How to Master the Art of Shameless Self-Promotion
In the words of Frank Ocean: “Work hard in silence. Let your success be your noise.”
Your parents have probably said something similar to you. Mine have certainly told me to not be boastful or prideful and to be humble. All of this is great advice, and I think it is something to heed. However, there are definitely times when you should promote yourself, particularly when it comes to your career.
Instead of droning on about all of the work you’re putting in, keep your mouth shut; but when that work is done and you’re super proud of it, shout it from the rooftops. There’s nothing wrong with that. It’s one of the best ways to showcase your skills and talents so you can build your career and network.
In a recent blog post, Create & Cultivate wrote, “The truth is, you need to be boastful, confident and plug yourself constantly. Because if you don’t tell your story, someone else will. And in a sea of other bloggers / freelancers / creatives / career women / entrepreneurs, etc., standing out is critical to your success.”
If You’re Scared to Jump in the Pool, Dip Your Toes in First
Practice on the people you’re most comfortable with. For me, that’s my family and friends. In the first year of my career, I was only comfortable sending links to my parents and then posting the best ones to my Facebook page. I’ve never been one to add people I don’t know or just kind of know, so I wasn’t as intimidated by sharing my work on there. This helped me figure out what to say about my writing without any major backlash, and it also showed me what topics the people in my life liked reading about the most.
Treat Your Social Media Channels as a “Persona”
I’m not suggesting you should be fake in what you share and talk about. I mean that you should come to think of them as different places for you to share specific things.
For example, Facebook has become the place I share personal essays, planner reviews, and organization-related articles. These are the topics my Facebook friends respond best to. Linkedin is where I share articles about career development (duh, right?) and scheduling advice. Instagram, on the other hand, is where I share pieces from my personal blog and anything related to health and fitness. Twitter is the place I want to be clear I’m a writer who appreciates good writing, so I share links to other works that I find inspiring and impressive.
Every social media platform has a purpose for you to twist to fit your own agenda. Use them appropriately.
Listen to Hilary Duff
Some people are going to have a problem with you tooting your own horn. Ignore them because other people are going to love it. I’m sure plenty of people become annoyed with the articles and essays I share, but I’ve also heard wonderful things from people who love it. Don’t waste time worrying about the haters—and like Hilary Duff said in A Cinderella Story, don’t let the fear of striking out keep you from playing the game. Do what you need to do in order to get the results you need.
Don’t Overthink Self-Promotion
Say what feels most like you. The last thing you want is to pretend to be someone you aren’t. Regardless of the advice you heard from your mom regarding this, faking it just takes up time. If you’re trying to adopt a persona that simply isn’t you, you’ll find yourself agonizing over what to say, how to say it, and whether or not to share something at all. You’ll drag your feet and likely won’t post as much as your need to, if you post at all.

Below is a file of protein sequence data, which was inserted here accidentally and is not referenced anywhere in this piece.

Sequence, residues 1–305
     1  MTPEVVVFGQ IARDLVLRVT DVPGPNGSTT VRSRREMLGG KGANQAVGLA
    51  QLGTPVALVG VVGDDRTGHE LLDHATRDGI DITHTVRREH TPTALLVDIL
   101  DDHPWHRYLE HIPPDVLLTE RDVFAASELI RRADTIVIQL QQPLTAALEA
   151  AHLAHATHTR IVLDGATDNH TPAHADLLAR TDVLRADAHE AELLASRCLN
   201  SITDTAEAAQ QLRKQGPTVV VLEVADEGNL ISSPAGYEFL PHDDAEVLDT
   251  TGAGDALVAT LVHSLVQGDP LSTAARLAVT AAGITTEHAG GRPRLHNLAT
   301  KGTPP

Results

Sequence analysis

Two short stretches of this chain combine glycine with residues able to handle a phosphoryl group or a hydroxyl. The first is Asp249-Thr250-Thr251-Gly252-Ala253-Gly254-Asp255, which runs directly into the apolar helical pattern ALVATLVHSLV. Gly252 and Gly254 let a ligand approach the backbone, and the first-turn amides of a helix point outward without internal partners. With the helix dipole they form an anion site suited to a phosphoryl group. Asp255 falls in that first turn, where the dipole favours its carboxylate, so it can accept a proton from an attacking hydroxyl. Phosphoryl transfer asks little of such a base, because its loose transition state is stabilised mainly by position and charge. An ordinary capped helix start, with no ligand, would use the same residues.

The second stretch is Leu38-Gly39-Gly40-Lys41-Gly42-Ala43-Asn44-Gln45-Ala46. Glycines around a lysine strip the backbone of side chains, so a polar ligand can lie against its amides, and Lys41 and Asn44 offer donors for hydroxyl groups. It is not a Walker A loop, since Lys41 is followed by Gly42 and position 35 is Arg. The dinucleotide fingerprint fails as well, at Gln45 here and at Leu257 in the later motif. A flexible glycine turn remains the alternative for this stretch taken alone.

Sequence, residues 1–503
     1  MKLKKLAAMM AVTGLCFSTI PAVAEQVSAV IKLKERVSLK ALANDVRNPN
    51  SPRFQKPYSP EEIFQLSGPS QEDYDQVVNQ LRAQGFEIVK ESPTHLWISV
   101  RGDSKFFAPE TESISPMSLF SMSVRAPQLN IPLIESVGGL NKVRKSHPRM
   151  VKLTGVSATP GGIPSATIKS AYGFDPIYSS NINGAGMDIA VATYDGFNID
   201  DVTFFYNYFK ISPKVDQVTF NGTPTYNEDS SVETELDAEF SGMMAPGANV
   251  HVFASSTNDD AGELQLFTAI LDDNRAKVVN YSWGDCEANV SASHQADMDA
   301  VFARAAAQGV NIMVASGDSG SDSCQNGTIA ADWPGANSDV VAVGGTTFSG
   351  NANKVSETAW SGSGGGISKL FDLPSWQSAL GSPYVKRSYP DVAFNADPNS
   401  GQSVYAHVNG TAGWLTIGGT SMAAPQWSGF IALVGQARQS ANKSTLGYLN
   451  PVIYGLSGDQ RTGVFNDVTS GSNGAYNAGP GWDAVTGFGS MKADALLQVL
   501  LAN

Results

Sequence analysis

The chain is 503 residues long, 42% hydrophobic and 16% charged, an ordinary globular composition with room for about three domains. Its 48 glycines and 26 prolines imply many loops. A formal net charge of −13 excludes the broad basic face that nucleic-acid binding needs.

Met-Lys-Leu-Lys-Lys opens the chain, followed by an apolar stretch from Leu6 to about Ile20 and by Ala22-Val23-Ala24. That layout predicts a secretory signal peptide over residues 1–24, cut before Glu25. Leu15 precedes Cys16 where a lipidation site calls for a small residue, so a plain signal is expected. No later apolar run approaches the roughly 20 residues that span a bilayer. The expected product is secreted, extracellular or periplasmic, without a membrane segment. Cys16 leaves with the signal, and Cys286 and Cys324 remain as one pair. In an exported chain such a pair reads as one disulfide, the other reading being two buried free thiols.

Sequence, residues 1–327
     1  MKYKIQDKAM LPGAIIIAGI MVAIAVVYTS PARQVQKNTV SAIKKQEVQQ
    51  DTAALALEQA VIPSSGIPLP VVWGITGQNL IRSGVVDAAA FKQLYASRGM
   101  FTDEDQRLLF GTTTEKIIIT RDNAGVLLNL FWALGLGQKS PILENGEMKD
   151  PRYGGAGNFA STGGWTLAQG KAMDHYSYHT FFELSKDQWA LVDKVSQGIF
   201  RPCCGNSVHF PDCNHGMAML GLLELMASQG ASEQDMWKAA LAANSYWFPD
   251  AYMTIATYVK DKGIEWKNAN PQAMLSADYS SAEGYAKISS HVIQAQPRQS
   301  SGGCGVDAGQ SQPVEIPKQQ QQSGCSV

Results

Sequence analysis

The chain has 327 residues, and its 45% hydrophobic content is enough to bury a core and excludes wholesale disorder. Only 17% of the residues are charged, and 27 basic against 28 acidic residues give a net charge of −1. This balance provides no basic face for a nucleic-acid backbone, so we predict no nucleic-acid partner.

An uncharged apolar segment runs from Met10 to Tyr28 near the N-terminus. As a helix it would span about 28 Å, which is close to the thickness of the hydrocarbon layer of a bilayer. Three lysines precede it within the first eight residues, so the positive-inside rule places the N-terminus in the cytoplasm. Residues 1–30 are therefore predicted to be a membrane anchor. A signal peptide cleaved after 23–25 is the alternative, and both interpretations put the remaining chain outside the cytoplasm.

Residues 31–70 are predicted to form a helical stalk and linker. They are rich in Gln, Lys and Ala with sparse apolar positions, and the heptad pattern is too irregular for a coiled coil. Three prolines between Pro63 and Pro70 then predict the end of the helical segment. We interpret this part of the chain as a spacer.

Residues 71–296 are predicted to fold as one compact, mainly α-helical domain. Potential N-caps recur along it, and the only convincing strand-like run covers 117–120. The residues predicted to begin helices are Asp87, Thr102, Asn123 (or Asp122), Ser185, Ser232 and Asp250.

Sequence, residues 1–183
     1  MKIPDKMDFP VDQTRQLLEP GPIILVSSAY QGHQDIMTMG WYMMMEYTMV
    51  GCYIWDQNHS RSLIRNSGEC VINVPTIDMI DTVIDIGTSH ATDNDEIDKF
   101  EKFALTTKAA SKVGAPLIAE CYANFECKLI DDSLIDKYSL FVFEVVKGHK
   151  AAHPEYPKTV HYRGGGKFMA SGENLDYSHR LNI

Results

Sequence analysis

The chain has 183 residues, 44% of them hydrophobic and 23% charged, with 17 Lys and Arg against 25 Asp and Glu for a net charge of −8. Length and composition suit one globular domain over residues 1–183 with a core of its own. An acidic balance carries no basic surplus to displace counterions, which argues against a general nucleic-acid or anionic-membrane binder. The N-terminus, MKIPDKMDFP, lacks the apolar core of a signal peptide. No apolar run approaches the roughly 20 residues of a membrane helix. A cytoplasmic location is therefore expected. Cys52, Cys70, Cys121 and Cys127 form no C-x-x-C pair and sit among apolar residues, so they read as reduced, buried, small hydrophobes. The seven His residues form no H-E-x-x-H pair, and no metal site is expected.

So no matter how great you think it’ll be to seem like someone you aren’t, I promise you it won’t help you build your brand or business in the long run. My boss once told my team, “If it doesn’t come naturally, just ditch it.” Apply that to self-promotion and it’ll never feel forced or disingenuous.
Keep it Up Until it Feels Normal
It will take a while for it to stop feeling uncomfortable, so the only thing you can do is keep on truckin’. The more you promote yourself, the better you’ll be at it. Each share, tweet, and Insta post will teach you something about what people want to read and which captions sell you the best. Don’t be afraid to just try something. So what if it doesn’t work? At least you tried and learned it wasn’t the best approach.
But What Should You Share and Say?
As far as captions goes, that’s largely up to you. There’s really not one specific way to promote yourself, but it is important to make sure that what you say is concise, has personality, and gives the readers an idea of what you’ve done. You don’t want to brag or come off as self-absorbed, and you don’t want to be clickbaity.
The best method I’ve found is to only write a caption that would feel normal to send to my best friends. I don’t worry about being funny or clever. If something like that simply comes to me then that’s great, but I don’t worry if it doesn’t. This rule keeps me from becoming a) stressed out, and b) true to myself and my voice. Try it out for yourself to see if that rings true for you as well.
You don’t need to be afraid to ask people to read your essay, take your poll, vote for an award you want to win, or test out your business. Ask. Tweet. Instagram. Promote the hell out of your work, career, and self because no one else is going to (except your parents and #1 BFF). You don’t have anything to lose by it, but you have a whole bunch to gain.
Follow Terra on Instagram: @terrabrown3